Cheque Bouncing: Parl Adds More Teeth to NI ActThe Rajya Sabha has passed a new bill that tweaks the Negotiable Instruments Act, bringing relief to millions of people who accept cheque payments in good faith for goods sold or services rendered, only to find them returned unpaid. The Lok Sabha had earlier passed the bill.
By Sunil Garodia
By Sunil Garodia
First publised on 2015-12-08 17:59:33
This bill provides that a cheque bouncing case can now be initiated in a court in the place where the branch of the bank of the payee is located. These cases are filed under Sec. 138 of the NI Act if the payee is an individual and Sec. 141 of the same Act against the managing director, if the payee is a limited company. Earlier, such cases were to be filed in the city where the branch of the bank of the issuer was located.
This resulted in huge problems for the creditor company or individual as they had to engage lawyers in a city or town they were not familiar with and had to send a representative with all papers and authority on each date of the case. This caused immense harassment and entailed uncalled for expenditure for people already suffering from non-payment of dues. The Supreme Court had earlier refused to change the law. The current bill was necessitated by the government view that the law needed change.
This is a welcome change that will add teeth to what is generally called the cheque bouncing law â meaning cases filed under Secs. 138 & 141. Previously, despite being at fault, the cheque issuer had the luxury of contesting the case from his own city. It was the payee who had to do all the running around, especially if he was from out of town. Now the shoe will be on the other foot, as it should be.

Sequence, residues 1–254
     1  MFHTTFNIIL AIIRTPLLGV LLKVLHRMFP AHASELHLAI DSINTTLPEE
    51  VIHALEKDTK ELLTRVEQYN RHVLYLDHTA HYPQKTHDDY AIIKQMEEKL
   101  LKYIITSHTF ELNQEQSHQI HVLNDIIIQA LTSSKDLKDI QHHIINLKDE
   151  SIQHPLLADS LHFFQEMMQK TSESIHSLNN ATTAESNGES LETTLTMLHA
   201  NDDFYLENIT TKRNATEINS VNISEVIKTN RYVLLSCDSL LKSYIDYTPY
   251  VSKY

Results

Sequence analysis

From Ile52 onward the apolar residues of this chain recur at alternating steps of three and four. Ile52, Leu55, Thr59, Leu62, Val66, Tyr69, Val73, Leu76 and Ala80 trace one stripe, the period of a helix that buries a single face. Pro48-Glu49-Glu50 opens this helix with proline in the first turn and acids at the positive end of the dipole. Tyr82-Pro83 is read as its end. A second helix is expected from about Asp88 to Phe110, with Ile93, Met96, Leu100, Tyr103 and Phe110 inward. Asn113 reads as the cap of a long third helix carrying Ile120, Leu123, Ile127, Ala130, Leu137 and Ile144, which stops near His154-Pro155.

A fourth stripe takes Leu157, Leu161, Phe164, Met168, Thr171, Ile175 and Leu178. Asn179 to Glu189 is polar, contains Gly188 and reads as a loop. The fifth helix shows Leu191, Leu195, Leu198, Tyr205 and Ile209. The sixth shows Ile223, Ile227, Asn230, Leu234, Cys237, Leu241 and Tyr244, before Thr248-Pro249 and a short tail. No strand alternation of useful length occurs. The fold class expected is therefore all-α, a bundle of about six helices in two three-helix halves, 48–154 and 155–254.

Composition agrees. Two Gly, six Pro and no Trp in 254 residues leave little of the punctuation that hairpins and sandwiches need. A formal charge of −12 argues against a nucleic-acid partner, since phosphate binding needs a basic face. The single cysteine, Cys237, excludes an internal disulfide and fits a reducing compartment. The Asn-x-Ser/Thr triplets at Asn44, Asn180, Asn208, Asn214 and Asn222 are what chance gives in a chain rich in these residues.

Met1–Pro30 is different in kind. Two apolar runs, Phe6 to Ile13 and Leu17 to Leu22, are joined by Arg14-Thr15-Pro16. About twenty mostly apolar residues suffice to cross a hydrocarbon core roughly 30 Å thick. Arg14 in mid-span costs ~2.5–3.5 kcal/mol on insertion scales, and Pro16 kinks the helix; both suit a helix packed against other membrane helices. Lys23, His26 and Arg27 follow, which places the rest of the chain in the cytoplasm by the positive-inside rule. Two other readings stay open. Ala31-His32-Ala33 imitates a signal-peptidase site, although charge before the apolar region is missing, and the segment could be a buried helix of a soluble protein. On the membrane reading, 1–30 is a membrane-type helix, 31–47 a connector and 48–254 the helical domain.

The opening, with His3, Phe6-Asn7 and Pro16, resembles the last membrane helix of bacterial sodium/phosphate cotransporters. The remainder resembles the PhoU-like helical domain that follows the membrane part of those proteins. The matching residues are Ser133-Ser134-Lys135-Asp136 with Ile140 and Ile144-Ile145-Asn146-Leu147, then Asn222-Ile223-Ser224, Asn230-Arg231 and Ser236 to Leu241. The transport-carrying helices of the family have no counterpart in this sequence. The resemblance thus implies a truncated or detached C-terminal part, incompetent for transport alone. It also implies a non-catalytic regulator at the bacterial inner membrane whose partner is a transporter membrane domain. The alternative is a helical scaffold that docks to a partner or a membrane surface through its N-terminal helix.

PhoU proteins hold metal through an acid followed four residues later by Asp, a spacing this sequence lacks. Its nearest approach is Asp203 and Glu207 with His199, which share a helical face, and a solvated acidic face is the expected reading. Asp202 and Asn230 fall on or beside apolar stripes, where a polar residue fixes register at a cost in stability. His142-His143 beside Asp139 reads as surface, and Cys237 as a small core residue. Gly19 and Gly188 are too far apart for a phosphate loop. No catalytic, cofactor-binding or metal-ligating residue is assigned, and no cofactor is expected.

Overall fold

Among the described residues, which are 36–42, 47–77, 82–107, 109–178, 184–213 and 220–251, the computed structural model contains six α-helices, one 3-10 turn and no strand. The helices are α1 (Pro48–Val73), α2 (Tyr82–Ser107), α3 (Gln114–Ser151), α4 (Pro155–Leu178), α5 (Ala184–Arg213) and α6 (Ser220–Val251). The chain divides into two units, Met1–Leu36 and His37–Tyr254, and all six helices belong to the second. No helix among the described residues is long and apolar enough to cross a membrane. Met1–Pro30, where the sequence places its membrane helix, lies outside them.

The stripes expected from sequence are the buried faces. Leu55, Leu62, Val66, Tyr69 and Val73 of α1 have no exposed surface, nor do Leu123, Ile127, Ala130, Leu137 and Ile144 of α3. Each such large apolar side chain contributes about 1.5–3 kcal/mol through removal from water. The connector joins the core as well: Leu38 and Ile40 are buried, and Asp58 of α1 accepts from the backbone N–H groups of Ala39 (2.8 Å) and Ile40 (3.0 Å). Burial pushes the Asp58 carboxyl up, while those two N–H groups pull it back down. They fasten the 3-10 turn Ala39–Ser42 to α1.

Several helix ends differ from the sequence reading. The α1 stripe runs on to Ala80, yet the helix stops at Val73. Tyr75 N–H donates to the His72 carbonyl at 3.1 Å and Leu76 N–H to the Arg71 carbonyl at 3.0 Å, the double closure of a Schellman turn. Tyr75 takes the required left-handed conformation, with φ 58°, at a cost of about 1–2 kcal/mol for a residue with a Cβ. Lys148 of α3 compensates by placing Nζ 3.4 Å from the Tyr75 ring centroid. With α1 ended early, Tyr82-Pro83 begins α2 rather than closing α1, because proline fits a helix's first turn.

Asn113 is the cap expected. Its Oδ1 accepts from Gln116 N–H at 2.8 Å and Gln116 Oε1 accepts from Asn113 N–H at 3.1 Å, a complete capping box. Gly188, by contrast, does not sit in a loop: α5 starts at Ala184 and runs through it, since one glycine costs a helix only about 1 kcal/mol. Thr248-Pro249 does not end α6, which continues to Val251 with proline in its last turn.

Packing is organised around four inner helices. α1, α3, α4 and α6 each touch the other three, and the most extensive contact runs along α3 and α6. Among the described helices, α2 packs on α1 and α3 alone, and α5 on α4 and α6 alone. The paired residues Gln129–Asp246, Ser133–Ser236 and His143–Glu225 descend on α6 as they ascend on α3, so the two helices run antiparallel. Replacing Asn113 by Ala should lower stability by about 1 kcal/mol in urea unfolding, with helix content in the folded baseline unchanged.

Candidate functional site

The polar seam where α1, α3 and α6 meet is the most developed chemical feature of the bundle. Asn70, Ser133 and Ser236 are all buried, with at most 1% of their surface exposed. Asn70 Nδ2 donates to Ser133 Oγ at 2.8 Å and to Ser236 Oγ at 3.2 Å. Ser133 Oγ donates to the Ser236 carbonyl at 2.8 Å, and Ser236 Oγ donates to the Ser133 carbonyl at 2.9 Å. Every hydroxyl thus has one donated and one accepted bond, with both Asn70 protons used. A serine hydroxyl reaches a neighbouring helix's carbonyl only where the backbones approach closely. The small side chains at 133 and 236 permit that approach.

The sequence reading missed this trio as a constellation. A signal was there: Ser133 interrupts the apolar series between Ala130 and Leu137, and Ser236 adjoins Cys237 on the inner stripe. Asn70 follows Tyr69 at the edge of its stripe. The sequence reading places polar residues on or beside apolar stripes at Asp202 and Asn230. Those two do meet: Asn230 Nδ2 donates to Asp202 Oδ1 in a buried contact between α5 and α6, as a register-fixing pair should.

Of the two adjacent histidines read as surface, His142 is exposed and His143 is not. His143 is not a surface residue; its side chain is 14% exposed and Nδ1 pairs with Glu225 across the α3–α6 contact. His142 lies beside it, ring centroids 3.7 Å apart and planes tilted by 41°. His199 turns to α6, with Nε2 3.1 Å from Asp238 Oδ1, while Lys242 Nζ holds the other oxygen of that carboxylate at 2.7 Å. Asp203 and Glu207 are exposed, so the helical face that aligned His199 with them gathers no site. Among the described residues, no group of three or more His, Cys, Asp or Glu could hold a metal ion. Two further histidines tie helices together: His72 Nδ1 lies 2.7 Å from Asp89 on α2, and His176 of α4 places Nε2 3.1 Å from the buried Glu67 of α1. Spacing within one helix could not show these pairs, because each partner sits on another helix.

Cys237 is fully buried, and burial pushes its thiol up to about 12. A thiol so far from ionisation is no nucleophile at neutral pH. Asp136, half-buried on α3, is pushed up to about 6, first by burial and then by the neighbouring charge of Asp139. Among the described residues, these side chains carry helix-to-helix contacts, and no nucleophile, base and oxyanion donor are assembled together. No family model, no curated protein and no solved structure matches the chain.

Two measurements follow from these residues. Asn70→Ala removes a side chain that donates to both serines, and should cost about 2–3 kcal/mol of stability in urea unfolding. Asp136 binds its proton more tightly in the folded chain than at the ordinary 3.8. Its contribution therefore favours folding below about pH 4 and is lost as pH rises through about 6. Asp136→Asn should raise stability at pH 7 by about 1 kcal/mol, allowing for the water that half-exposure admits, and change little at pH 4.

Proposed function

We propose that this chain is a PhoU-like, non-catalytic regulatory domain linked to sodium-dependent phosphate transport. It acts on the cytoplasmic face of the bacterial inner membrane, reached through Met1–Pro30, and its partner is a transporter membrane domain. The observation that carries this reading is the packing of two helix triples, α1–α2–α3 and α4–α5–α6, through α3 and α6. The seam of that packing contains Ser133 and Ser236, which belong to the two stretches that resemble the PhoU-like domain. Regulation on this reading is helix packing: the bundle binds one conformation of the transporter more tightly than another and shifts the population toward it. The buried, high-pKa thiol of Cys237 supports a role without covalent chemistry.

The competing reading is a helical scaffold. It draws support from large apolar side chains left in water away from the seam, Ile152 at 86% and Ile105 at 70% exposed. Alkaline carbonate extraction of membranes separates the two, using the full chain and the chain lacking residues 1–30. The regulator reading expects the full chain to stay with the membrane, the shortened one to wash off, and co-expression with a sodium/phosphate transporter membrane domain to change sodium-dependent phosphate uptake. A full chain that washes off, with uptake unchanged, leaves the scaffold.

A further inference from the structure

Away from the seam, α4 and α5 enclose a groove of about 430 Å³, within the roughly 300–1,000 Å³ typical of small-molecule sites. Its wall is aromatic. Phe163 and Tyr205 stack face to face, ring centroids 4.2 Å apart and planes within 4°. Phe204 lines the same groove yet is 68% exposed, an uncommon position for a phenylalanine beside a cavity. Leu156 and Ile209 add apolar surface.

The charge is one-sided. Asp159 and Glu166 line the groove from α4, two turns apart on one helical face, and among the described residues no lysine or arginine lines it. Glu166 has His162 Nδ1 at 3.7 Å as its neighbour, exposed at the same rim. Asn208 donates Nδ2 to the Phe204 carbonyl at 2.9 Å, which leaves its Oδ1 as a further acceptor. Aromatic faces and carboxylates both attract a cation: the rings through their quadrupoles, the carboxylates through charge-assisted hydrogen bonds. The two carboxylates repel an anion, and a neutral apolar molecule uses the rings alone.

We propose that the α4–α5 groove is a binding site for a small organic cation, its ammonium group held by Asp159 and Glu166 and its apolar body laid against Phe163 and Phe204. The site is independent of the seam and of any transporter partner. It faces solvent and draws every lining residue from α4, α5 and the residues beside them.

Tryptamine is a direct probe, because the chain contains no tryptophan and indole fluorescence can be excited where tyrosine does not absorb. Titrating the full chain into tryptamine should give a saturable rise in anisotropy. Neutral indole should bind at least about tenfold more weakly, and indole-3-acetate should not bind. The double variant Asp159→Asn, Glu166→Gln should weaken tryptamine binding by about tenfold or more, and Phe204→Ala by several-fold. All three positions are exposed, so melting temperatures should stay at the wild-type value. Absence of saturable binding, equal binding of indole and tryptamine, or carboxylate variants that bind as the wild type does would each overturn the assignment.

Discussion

There are hundreds of reasons why a cheque can bounce. While it is very embarrassing for genuine businessmen when a cheque issued by them gets returned, the issue is amicably settled in most cases by either presenting the cheque once again or by paying cash against the bounced instrument. But it is the unscrupulous traders who cause immense harm to the system.
If a cheque bouncing issue reaches the courts under the above sections, it means that all the avenues of amicable settlement and payment were exhausted. The payer seemed intent on avoiding the payment and hence the payee was forced to file this criminal case. Otherwise, no businessman will ever think of suing a business partner for payment related issues.
Thus, if the intent of the payer is malafide, it makes sense that the payee should be able to file the case from his own city. That way, he can handle the case better and the payer will always think of settling the case early to avoid harassment, expenses and maybe subsequent arrest and hefty fines. The new bill will act as a good deterrent to habitual offenders.